If I see any hope, it is in the current set of 20-to-30-somethings who are sick and tired of all they have been short-changed by and who realise that setting this country right is not merely an abstract nationalist-crap-infested duty but a fight for survival for them. I have great faith in them ... and feel that the least we can do in supporting their last ditch efforts to set a new direction is to stop making it difficult, stop wrongly blaming them, and get out of their way
. They have the energy, the will. They'll find a way. It's their world. Neither you nor I should have much say in it. Perhaps our role is one that the following couplet by my father explains best:
Ek hikaayat haeñ, keh iss raah say jaae nah koee,
Kyaa samajhtay ho keh kyaa haeñ meray qadmoñ ke nishaañ
Years ago I had met JI, That was soon after my CD-ROM, Faiz - Aaj Kay Naam
, had been published and Hamdard U had suggested that I do one on the Allama. Though the project died with the dastardly assassination of Hakim Said, JI's recounting of the anecdotes of his father, the irreverent humour, and much else that we discussed had confirmed the fact for me that the Iqbal we knew through state propaganda was a much truncated and deformed version of the man - a strange case where the myth had actually made its hero a lesser being than he probably was.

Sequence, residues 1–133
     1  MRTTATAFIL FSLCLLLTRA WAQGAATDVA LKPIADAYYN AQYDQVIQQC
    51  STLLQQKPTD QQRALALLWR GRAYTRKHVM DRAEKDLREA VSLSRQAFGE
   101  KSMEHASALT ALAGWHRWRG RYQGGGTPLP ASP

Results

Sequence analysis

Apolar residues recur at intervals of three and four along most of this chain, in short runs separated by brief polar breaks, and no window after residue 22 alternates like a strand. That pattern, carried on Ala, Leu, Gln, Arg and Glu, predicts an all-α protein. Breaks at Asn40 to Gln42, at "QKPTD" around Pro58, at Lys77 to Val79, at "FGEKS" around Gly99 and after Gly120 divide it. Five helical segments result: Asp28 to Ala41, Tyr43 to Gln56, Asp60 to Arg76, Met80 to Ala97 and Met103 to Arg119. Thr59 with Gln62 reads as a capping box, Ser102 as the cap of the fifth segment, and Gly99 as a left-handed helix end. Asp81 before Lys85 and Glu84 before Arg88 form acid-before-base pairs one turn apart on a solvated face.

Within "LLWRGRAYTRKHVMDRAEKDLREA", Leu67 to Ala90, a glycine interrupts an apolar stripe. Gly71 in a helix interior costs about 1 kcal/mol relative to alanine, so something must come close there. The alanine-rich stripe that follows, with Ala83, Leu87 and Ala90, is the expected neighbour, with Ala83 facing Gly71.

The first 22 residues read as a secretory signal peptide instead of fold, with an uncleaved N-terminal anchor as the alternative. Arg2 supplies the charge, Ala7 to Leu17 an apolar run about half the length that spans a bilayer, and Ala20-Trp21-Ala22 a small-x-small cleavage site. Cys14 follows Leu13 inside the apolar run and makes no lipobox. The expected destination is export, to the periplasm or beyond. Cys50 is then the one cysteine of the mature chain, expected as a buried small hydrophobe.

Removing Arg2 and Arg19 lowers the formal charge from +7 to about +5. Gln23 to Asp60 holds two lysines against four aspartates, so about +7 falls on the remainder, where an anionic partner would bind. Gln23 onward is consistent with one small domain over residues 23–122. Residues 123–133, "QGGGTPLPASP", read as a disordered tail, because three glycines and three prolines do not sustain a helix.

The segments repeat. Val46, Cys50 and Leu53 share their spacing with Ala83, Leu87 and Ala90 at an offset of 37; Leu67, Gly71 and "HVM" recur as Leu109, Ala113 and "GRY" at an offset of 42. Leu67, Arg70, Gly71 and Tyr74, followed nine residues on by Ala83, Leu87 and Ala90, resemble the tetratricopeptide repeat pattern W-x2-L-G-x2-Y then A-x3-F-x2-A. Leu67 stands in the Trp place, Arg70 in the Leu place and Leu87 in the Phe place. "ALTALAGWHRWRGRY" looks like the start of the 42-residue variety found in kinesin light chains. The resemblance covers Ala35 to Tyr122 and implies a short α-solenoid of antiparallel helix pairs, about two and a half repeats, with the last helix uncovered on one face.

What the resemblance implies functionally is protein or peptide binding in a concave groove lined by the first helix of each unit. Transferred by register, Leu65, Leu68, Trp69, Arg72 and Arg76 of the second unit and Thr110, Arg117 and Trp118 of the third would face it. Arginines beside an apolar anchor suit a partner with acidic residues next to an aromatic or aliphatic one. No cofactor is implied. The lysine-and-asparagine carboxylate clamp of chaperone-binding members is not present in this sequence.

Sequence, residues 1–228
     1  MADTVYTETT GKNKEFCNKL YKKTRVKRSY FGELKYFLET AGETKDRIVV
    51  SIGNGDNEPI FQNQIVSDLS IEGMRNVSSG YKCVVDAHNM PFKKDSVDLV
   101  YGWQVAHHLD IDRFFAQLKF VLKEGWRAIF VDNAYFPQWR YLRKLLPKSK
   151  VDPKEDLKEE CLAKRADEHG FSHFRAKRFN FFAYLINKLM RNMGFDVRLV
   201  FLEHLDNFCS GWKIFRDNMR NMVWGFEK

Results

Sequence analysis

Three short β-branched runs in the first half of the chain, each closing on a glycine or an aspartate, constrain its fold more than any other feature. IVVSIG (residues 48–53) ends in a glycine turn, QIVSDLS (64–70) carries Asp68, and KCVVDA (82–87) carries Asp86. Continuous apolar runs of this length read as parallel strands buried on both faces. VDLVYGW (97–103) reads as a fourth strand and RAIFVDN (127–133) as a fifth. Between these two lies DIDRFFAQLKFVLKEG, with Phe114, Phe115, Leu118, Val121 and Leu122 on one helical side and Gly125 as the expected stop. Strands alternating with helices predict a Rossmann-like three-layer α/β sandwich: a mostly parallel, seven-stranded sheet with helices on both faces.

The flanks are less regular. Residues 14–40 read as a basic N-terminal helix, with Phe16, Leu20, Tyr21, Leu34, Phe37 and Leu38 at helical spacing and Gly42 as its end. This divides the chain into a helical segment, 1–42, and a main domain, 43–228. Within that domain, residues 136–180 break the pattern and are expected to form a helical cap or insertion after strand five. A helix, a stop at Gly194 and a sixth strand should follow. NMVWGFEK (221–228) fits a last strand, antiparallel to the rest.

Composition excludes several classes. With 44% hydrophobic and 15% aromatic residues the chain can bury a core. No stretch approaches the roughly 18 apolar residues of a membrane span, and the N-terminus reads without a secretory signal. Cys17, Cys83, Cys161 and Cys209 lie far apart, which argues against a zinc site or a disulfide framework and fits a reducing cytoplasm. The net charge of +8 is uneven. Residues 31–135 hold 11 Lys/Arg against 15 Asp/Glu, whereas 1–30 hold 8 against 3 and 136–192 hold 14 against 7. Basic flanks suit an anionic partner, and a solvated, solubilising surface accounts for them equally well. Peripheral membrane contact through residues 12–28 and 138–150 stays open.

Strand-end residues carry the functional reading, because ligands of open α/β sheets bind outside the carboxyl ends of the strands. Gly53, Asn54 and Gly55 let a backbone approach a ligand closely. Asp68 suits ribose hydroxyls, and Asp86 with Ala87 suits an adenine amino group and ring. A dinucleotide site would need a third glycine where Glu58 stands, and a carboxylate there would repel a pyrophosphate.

I asked JI at his very enjoyable T2F session, in closing, how he
felt about this distortion of his father's image. "Bardaasht karta hooñ aur gaaliyaañ bhi khaata hooñ"
(I live with it and suffer verbal abuse for it), he said, laughing.
All in all, a wonderful evening. The debates that raged after he left will go on forever. But should the ghost of partition continue to haunt generation after generation? Do the young really want to inform their future with this past? I'd love their comments on this subject.
Labels: Books, Literature, Media, Pakistan, People, Personal, Poetry, Politics, Rant, T2F, Urdu